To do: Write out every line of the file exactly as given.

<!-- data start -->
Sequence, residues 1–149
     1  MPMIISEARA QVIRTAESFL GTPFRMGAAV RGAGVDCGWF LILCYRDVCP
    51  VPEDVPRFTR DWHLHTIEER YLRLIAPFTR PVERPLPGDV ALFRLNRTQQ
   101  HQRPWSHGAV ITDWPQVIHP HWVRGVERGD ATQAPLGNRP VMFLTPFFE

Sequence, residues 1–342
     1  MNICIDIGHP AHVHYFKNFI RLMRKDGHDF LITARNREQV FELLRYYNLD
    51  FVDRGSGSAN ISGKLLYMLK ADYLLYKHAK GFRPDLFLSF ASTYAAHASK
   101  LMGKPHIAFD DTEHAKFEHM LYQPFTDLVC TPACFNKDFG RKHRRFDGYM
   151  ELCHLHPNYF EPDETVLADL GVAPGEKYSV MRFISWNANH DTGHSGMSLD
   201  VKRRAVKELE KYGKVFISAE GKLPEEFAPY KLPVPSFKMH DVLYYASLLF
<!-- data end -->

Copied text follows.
Sequence, residues 1–149
     1  MPMIISEARA QVIRTAESFL GTPFRMGAAV RGAGVDCGWF LILCYRDVCP
    51  VPEDVPRFTR DWHLHTIEER YLRLIAPFTR PVERPLPGDV ALFRLNRTQQ
   101  HQRPWSHGAV ITDWPQVIHP HWVRGVERGD ATQAPLGNRP VMFLTPFFE

Sequence, residues 1–342
     1  MNICIDIGHP AHVHYFKNFI RLMRKDGHDF LITARNREQV FELLRYYNLD
    51  FVDRGSGSAN ISGKLLYMLK ADYLLYKHAK GFRPDLFLSF ASTYAAHASK
   101  LMGKPHIAFD DTEHAKFEHM LYQPFTDLVC TPACFNKDFG RKHRRFDGYM
   151  ELCHLHPNYF EPDETVLADL GVAPGEKYSV MRFISWNANH DTGHSGMSLD
   201  VKRRAVKELE KYGKVFISAE GKLPEEFAPY KLPVPSFKMH DVLYYASLLF